(Editor’s note: Our monthly Catholic Health Care column for May features a three-part series on the amazing story of Rebecca Dejonghe of Milan, Ill., written by Dr. Michael Porubcin. He is a hematologist/oncologist with Medical Arts Associates, Ltd., and vice president of the St. Thomas Aquinas Guild of the Quad Cities (www.stthomasaquinasguildqc.com.) This is the conclusion of the series.)
As a physician, I was taken aback by Becky’s story. Despite her incredible experience, I was not at all comfortable stopping what appeared to be effective treatment. To my pleasant surprise, neither was Becky. Somehow, we both understood that even this miracle would need an earthly conduit.
Because of worsening side effects leading to increased tingling in Becky’s hands and feet, along with an annoying skin rash and intermittent muscle pain, we decided to stop the more toxic component of chemotherapy and continue with only the more toler- able agent. My fear, however, was that the less toxic drug alone would not be strong enough to fend off the cancer. Becky was much less concerned. Her fear and anxiety had vanished. She was content, totally trusting the prom- ise she had received on that memorable night.
What followed was one of the most gratifying cancer outcomes of my career. Becky’s tumors continued to shrink and in May of 2007, she was advised to stop her chemotherapy altogether. She hesitated, but eventually concurred. She continued to travel to Houston faithfully every year for follow up X-rays until 2015 when she was released. To paraphrase Archangel Raphael: “Everything was okay.”
When I recently contacted Becky about publishing her story, I asked her to reminiscence a little on her past. This is what she said:
“One of the most extraordinary things I remember from the beginning of my journey is that a week prior to the news of my very first cancer recurrence, I felt that I was in mourning. I would come home from school every day and cry, and this was very unusual for me. When my husband asked why, I could only answer that I felt as if I was mourning something, but I didn’t know what. In retrospect, I believe it was God’s way of allowing me to mourn the loss of my leg, even though I didn’t know I was going to lose it at the time, because he knew I would need all the strength I had to deal with what was to come. The amputation itself was an extremely easy deci- sion for me. I was more than will- ing to give up my limb and more to keep the life I so dearly cher- ished. I never shed a tear for my leg after the surgery, not one.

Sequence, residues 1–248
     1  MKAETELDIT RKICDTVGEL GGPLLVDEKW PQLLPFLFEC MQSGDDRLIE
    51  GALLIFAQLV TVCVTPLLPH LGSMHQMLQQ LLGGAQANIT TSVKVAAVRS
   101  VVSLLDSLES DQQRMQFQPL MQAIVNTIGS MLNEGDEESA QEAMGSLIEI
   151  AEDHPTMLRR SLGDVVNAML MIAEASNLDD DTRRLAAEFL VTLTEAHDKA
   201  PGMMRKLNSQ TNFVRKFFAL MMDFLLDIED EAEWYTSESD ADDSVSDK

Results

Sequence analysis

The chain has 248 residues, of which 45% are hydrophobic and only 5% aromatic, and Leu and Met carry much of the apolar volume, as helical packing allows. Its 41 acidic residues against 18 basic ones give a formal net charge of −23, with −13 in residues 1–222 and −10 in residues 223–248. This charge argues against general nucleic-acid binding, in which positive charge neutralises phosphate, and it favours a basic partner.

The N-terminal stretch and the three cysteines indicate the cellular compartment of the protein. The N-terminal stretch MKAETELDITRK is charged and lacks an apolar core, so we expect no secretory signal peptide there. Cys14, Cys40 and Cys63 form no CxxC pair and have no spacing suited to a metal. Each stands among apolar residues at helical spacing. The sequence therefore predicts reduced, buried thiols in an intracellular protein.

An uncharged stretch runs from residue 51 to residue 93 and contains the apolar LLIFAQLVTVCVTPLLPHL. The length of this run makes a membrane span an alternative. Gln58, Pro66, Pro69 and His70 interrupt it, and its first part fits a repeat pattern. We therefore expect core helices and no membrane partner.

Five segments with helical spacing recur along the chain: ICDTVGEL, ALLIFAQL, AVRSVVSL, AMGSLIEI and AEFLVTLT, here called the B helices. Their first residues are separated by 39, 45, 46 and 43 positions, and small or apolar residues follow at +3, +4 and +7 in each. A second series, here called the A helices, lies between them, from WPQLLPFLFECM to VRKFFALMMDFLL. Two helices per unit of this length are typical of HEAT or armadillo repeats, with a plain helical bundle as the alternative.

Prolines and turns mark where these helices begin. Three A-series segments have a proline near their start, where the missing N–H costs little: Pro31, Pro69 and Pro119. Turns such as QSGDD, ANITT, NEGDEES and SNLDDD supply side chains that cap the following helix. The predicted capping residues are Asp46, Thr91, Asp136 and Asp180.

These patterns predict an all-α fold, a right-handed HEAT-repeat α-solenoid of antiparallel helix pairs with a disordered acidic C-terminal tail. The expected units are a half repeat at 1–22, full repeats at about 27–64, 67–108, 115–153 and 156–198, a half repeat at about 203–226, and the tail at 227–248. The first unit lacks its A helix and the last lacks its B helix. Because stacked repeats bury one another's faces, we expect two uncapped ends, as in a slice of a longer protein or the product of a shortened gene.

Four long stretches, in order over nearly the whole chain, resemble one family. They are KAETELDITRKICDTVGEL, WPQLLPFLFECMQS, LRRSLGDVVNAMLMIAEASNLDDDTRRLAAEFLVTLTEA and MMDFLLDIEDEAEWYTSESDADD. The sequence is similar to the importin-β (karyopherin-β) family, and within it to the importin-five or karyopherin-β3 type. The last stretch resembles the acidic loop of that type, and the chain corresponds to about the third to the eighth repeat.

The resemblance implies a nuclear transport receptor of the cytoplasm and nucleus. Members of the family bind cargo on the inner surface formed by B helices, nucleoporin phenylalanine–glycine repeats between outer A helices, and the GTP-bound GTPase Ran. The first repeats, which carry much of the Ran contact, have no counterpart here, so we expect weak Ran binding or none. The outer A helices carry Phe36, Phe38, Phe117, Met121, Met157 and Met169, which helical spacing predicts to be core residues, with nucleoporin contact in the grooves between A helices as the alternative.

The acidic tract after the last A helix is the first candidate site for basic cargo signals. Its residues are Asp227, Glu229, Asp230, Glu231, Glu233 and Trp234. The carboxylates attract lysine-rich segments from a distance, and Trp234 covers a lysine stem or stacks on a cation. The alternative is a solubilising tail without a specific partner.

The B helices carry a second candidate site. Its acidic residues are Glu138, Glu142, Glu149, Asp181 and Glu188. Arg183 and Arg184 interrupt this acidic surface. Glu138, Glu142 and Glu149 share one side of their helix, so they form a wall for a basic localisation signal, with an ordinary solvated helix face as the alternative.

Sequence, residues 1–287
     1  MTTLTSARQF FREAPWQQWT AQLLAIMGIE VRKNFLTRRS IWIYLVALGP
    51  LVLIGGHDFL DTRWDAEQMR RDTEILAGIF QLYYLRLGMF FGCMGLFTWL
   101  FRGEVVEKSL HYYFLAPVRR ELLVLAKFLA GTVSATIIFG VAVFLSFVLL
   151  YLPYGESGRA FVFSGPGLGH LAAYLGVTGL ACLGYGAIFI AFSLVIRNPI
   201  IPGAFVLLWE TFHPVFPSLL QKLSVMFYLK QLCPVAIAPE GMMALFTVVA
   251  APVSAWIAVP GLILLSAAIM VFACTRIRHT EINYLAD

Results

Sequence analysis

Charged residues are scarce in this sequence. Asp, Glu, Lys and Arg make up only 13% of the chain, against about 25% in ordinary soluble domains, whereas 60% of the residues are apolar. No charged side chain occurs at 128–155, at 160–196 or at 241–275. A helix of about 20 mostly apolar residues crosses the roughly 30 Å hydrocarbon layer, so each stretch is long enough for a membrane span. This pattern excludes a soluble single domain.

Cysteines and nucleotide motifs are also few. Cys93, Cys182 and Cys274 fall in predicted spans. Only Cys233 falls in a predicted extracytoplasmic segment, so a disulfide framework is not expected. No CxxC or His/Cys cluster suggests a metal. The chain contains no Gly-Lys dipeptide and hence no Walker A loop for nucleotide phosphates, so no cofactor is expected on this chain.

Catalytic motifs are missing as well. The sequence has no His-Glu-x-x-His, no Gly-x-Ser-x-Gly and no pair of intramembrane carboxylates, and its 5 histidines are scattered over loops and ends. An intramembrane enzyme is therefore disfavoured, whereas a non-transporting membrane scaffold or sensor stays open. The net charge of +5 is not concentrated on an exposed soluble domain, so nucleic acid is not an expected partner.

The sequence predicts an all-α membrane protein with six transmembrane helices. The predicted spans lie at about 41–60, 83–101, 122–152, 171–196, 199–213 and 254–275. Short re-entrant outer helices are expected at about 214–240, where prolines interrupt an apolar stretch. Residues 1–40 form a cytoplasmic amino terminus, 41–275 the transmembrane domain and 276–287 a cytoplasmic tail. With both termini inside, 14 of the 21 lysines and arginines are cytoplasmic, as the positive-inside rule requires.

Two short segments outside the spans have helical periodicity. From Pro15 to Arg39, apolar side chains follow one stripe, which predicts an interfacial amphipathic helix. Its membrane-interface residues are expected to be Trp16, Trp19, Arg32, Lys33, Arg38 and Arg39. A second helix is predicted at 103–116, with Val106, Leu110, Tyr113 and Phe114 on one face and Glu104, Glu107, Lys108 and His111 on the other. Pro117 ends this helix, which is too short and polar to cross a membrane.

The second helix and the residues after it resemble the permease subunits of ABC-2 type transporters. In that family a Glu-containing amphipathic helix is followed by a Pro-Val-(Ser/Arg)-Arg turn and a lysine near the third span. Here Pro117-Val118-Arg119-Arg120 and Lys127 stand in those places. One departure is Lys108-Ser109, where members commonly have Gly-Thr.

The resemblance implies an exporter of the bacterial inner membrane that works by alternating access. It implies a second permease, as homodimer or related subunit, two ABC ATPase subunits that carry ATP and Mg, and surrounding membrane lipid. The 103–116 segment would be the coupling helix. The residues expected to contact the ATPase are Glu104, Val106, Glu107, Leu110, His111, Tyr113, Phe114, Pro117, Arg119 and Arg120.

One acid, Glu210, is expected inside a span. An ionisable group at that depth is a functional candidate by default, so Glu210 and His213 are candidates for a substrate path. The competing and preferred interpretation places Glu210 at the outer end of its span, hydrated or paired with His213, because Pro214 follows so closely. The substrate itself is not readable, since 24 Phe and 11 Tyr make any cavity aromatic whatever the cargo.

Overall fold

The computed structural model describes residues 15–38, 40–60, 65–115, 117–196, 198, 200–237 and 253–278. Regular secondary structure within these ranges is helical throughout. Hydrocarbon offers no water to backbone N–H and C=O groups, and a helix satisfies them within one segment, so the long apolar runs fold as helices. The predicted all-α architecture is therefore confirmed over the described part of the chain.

“When this journey began, although I appreciated my health, I took for granted that I would always be a strong person who could combat any physical problems that came my way. In fact, when I received my diagnosis, I mentally prepared to ‘put up my
dukes’ and conquer it, as I had been able to do with most any- thing negative that had ever been placed in my path. Instead, I found out very quickly that I was no match for cancer! Each time I planted my feet, put up my fists and got ready to do battle for the next surgery or another round of chemo, I was quickly knocked down and reminded of my weakness. It was as if I was trying to fight a giant with a needle. But when I finally relented and understood that my job was simply to do what my doctors advised, pray and meditate daily and stay as free from stress as possible (in other words, surrender), I felt as if I had traded that needle for a sword with all the powers of the universe. That is when the healing began to take place.
“Although this is hard to understand for most people, I have great memories for most of my chemo. There were days that were difficult, no doubt. But it was not as hard as some might think. Losing my hair, something I had always taken great pride in, allowed me to see my beauty from the inside out. I remember looking at pictures once it was over and being surprised that I didn’t look as good as I thought I did when I was going through it. God allowed me to feel beautiful because I was looking at his grace when I looked in the mirror. I saw his beauty, not mine. Even though I am ever so grateful those long and painful chemo days are behind me, I never let the thought of them stray too far from me because they are a constant reminder of how incredibly blessed I am. I am here when so many are not. I believe I have a great responsibility not to squander even one day of the life I have been given.
“When my cancer began, I was a third-grade teacher. I still teach third grade, but in a much greater capacity than just academ- ics. I teach my students to be hopeful, not to tolerate but rejoice in our differences, for that is where our beauty truly lies. I teach that my scars and my prosthetic leg are not shameful, but instead tes- taments to my survival. I teach them not to fear, but to be strong and find the best in every lesson that comes their way. Life is a series of lessons and we are all students. My goal now is not just survival, but to live each day fulfilling the purpose for which I have been saved. That is truly my daily prayer.”
It was not without hesitation that I have decided to write about Becky’s extraordinary story. On one hand, I did not want to cheap- en Becky’s incredible effort to overcome her defiant disease that was literally slicing away her physical body, piece by piece.
At the same time, I wanted to avoid any misinterpretation of a realm that is beyond our limited understanding. At the end, how- ever, I found Becky’s story a perfect example of what medicine should be about. As physicians we see too many patients “hitting rock bottom” every day. Whether we are faced with a high-risk pregnancy, terminally ill patients or an end-of-life situation, our primary approach must remain the same: all life is a God-given gift worth fighting for.
(For more information on Catholic perspectives in medicine, visit www.cathmed.org.)